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Katrina Weakened, But Didn't Wipe Out, Invasive Rodents

John Roach
for National Geographic News
September 9, 2005
 
Hurricane Katrina's path of destruction dealt at least a temporary setback to the nutria, the South American rodent species that is devouring wetlands along the Gulf of Mexico, according to experts.

Scientists believe decades of wetlands loss in the Gulf region—due in part to the voracious appetites of the rodents—made Hurricane Katrina's destruction worse.

"Some of the storm protection that nature provides from wetlands, especially in southeast Louisiana, that flood protection, it just wasn't there," said Justin Baker, a biologist with the Louisiana Department of Wildlife and Fisheries in New Iberia.

Baker heads up a program to reduce the numbers of the invasive rodents with an incentive program: Registered trappers are paid four dollars (U.S.) for every nutria tail they deliver to collection agencies. The target is to kill 400,000 nutria each year.

Baker's department encourages trappers by touting the virtues of nutria fur, which is similar to that of beaver, and by circulating recipes for nutria meat.

Adult nutria weigh about 15 pounds (7 kilograms), falling in size between a muskrat and beaver. Their prolific nature—a female can produce two litters of five or six young a year—and insatiable appetite for wetland vegetation are wreaking havoc along the U.S. Gulf Coast.

In April 2005, an aerial survey found 53,475 acres (21,641 hectares) of nutria-caused wetland damage in Louisiana. That figure is nearly half the damaged acreage surveyed when the control program started in 1998.

Jacoby Carter is an ecologist who studies nutria at the U.S. Geological Survey National Wetlands Research Center in Lafayette. He said Katrina's impact on the rodent was likely significant but temporary.

"It most likely greatly reduced the populations in the affected areas, [but] it probably did not wipe them out," he wrote in an e-mail to National Geographic News. "Since nutria do swim, some probably found refuge on floating items."

Given the rodents' prolific nature, their recovery is certain, Carter added.

Wetland Destruction

Baker said that nutria damage to wetlands stems from their feeding habits: Unlike muskrats, they eat everything in sight before moving on. "They literally eat themselves out of house and home," he said.

With the vegetation removed, fragile organic soils are exposed to erosion through the action of the tides. Unless the damaged areas are quickly revegetated, the eroded soils sink below sea level and the area becomes open water.

The degree to which nutria-caused wetland loss heightened the affects of Hurricane Katrina is unknown, but it's something the USGS's Carter plans to investigate.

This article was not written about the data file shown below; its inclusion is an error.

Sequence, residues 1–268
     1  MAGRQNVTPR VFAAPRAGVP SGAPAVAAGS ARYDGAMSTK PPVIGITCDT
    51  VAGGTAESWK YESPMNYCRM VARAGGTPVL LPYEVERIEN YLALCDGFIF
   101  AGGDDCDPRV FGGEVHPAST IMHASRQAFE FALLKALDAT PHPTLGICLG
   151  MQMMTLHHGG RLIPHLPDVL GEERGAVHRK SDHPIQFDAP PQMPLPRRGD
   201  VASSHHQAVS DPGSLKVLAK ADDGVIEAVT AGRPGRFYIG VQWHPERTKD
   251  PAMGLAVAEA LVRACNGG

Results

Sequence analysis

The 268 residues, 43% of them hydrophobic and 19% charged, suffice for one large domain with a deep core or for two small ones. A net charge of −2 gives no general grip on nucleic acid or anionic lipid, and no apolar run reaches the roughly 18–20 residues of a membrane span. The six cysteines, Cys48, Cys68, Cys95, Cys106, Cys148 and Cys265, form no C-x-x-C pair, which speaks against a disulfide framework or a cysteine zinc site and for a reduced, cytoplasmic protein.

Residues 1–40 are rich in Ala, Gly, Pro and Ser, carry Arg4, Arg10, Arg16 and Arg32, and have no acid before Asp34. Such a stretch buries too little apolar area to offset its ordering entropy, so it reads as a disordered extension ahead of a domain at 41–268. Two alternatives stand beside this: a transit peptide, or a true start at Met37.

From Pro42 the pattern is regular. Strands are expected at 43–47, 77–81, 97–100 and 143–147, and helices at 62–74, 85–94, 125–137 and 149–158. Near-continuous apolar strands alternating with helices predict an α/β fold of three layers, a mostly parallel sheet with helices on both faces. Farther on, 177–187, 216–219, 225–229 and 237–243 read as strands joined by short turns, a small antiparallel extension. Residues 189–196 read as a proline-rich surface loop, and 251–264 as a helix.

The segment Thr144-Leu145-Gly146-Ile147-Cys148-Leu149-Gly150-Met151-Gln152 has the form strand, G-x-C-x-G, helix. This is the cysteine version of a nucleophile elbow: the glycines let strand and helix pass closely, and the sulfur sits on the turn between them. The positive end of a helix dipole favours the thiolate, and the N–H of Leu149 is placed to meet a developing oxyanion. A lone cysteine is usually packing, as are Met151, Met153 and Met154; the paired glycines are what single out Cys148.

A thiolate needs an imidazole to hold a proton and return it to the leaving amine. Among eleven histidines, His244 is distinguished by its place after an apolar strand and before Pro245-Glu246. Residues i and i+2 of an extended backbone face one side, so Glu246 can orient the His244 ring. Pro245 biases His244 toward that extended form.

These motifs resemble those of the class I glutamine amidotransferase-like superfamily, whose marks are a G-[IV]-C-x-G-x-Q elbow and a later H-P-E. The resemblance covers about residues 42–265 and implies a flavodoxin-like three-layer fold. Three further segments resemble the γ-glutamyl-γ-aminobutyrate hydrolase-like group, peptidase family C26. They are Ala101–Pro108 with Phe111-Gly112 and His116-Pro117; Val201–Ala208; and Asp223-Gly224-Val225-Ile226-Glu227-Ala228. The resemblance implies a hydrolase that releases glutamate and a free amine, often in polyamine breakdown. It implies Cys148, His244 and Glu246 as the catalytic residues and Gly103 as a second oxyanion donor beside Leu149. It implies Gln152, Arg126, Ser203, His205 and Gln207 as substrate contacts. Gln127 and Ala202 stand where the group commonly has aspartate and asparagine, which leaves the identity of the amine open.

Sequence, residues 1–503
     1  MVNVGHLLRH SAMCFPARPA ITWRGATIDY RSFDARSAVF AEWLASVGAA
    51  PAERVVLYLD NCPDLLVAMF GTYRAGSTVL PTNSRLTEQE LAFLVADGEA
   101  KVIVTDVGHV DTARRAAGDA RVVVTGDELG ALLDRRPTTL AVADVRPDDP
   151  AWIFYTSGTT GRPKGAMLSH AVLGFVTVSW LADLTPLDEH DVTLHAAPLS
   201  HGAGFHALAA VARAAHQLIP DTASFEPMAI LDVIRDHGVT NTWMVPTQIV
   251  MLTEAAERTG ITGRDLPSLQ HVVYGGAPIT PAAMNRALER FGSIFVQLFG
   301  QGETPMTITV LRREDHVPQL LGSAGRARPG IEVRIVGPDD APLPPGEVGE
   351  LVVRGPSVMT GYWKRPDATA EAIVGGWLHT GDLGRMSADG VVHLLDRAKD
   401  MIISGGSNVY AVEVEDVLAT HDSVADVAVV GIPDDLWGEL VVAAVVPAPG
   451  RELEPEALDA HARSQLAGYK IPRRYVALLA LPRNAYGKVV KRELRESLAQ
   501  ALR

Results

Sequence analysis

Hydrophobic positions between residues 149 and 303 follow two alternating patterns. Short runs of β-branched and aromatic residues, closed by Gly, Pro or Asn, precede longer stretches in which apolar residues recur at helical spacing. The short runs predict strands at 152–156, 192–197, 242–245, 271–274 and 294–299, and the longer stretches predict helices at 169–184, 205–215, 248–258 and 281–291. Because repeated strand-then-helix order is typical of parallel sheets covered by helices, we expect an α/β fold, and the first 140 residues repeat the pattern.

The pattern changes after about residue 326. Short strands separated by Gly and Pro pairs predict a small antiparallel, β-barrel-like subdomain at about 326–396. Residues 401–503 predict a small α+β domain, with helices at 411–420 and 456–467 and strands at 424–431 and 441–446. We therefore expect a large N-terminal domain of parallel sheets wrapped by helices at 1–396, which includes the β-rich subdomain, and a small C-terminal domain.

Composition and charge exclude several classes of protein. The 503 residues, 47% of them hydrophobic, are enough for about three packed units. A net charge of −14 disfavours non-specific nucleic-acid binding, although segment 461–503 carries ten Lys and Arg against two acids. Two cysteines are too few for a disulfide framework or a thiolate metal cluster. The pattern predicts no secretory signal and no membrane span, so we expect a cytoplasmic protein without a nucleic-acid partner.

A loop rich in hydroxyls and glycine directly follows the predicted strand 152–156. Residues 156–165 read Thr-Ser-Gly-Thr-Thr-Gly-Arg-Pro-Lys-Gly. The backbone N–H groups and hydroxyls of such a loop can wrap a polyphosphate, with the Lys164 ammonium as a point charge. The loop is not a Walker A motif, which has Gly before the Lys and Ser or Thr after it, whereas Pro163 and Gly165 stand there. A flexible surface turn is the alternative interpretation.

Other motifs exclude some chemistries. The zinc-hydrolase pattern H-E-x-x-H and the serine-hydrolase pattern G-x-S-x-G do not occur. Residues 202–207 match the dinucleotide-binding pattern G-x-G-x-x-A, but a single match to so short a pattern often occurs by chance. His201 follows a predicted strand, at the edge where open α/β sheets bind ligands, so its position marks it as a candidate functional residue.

"The state flew flights to assess nutria impacts along the coast," the ecologist said. "It would be interesting to see if the areas they marked as heavily impacted by nutria suffered more storm damage than areas that were nearby but not noted as heavily impacted by nutria."

Meanwhile, Baker said the control program will continue. The trapping season runs from November 20 through March 31, and applications for trappers are currently available from the Louisiana Department of Wildlife and Fisheries.

The control program demonstrates the ability of wetlands to recover, already halving the damaged acreage since 1998. Baker hopes participation will remain steady, allowing more wetlands to recover.

"As long as the wetland is not totally destroyed and converted to open water, which is the most severe case of wetland damage here, the wetland can come back," he said.

New Threats

While Hurricane Katrina likely reduced nutria populations in Louisiana, Mississippi, and Alabama, the storm also brought new threats, Carter said.

Exotic pets were "more than likely" left behind in evacuated homes and may have escaped into the environment. As an example, Carter pointed to the Cuban treefrog (Osteopilus septentrionalis).

"This has become an important pest in Florida," he said. "It looks similar to our native green treefrog and occupies similar habitats. However, it is larger, poisonous, and it eats native treefrog species with abandon."

If the invasive frogs become established in the wild, they could have a devastating impact on frog populations in New Orleans as well as the nearby Jean Lafitte National Historical Park and Preserve.

"The Cuban treefrog is just one example," Carter said. "This is a situation that bears close monitoring and perhaps action, if resources allow."

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